Monday evening, after a dozen or so moving testimonies, a few anti-zoo diatribes, and hours of extremely tedious deliberation, the King County Council voted to put Access for All on the August ballot.
If voters pass the bill, which is essentially a .1 percent sales tax on non-essential items, King County will provide its residents with the level of access to arts and science organizations enjoyed by the greater metropolitan areas of Denver and St. Louis.
You hear that, King County? We could be headed for the big time!
Dozens of regional arts, science, and heritage organizations—including Seattle Symphony, Pacific Science Center, the Museum of Flight and the Holocaust Center—have big plans to use the money to supplement badly needed educational programs for the county's 280,000 K-12 students, with a special emphasis on districts serving high percentages of kids on free or reduced price lunch. They also want to offer free or deeply discounted memberships to low income families. Smaller cultural organizations can use the funds to start up new, smaller institutions further out into the county, as well.
A new list of amendments, read out shortly before the council voted, reallocated more money to smaller and new community-based organizations further out in the county, and also increased the amount of oversight required of 4Culture, the county organization to whom all these cultural organizations would report.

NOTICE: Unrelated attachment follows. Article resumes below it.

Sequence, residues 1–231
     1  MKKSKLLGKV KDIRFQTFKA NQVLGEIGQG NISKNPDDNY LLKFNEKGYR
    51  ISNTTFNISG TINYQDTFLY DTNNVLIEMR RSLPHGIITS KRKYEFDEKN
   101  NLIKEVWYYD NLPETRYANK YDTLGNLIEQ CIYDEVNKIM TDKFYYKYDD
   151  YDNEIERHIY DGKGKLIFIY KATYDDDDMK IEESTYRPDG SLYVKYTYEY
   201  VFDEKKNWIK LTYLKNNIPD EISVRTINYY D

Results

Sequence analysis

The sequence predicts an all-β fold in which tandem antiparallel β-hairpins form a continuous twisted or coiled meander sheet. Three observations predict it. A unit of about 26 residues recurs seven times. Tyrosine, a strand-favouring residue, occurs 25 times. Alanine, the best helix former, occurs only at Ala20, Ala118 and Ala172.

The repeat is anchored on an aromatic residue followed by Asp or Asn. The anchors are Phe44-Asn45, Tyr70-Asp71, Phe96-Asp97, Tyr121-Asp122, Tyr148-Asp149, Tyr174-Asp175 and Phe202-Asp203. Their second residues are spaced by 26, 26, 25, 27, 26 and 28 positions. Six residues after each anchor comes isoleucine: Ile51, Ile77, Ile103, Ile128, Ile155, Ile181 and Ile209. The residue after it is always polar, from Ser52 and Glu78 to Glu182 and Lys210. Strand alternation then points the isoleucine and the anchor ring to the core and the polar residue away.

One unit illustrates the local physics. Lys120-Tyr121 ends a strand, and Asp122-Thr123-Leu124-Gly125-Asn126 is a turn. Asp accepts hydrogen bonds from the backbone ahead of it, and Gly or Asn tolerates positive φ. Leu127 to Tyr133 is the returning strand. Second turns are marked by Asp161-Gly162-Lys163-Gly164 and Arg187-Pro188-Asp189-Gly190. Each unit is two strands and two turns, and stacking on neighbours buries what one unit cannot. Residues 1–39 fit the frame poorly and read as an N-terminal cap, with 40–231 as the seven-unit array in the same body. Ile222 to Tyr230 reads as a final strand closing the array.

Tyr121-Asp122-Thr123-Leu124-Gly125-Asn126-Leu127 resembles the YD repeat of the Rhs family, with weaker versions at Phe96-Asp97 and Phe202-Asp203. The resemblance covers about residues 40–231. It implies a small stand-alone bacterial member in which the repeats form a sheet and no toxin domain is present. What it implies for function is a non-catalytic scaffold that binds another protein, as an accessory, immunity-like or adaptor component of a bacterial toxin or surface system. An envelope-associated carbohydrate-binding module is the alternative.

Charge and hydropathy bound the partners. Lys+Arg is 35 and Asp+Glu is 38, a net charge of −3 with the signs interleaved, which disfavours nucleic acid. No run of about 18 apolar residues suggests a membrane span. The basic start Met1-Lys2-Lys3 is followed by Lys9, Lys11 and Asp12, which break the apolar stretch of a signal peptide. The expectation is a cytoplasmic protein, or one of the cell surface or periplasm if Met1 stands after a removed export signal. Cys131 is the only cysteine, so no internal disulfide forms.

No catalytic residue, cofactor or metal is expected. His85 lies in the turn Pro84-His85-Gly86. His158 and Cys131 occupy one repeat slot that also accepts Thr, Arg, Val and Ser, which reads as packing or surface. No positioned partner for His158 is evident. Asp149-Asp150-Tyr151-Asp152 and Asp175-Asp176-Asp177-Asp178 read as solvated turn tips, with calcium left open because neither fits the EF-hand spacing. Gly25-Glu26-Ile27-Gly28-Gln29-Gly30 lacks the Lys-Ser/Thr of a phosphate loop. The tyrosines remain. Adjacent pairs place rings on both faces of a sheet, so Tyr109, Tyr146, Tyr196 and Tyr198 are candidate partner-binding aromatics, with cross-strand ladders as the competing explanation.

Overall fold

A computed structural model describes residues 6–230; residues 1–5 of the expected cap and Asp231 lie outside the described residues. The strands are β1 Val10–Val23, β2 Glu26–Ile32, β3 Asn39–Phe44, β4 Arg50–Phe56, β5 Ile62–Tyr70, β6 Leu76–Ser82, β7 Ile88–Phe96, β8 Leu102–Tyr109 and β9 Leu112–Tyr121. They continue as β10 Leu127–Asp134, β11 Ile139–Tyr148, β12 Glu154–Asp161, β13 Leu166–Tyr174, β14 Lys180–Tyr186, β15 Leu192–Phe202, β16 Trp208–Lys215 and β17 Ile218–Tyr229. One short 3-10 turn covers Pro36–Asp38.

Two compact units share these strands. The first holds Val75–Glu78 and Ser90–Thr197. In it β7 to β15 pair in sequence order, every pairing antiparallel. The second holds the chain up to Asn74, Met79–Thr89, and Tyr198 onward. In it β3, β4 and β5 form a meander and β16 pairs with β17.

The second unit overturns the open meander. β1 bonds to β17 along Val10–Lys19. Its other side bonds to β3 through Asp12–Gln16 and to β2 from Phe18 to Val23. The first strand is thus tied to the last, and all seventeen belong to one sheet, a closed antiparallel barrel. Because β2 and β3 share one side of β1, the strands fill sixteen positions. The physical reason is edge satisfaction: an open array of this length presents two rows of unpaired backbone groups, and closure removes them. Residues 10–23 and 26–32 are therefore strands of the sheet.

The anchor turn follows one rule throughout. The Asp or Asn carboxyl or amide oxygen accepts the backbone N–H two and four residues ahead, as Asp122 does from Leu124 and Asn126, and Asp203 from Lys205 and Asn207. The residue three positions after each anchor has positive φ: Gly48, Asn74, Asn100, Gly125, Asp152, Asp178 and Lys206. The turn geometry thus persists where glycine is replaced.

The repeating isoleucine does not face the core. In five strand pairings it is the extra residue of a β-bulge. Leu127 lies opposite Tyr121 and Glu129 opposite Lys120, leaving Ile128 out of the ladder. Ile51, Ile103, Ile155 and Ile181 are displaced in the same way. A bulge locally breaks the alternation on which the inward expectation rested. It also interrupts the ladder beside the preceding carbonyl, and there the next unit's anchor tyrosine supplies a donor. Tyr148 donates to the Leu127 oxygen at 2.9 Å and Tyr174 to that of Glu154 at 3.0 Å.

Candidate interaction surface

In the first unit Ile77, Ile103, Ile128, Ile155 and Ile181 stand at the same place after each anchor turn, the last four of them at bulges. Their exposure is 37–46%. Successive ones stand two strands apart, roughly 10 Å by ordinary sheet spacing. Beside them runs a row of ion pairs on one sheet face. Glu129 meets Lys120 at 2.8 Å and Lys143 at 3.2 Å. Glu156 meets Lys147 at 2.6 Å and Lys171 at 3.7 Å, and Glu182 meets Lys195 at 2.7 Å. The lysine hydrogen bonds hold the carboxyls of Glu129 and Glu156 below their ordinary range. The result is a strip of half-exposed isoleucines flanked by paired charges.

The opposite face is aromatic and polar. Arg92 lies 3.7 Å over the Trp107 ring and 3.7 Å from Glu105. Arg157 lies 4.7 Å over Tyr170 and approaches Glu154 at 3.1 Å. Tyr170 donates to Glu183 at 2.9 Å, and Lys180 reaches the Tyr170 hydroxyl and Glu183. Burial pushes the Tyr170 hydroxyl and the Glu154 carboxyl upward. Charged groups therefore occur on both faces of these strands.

Larry Gossett (District 2) and Dave Upthegrove (District 5), who pulled the bill from the county's agenda a few weeks ago, were the only nos. Upthegrove cited many concerns. He was worried about sending "a message of priorities" by putting this bill on the August ballot instead of some future ballot. He was also worried about using a regressive tax in "this tax environment" which suffers from "tax fatigue."
The Christian dads on the Seattle Times editorial board deceptively portrayed the measure as an "arts bill," and dismissed it as a nice idea that we can't afford right now given the need to address the homelessness crisis and funding for mental health. I've addressed all the arguments above in full.
Because of the action taken at council today, voters will now have the opportunity to decide for themselves.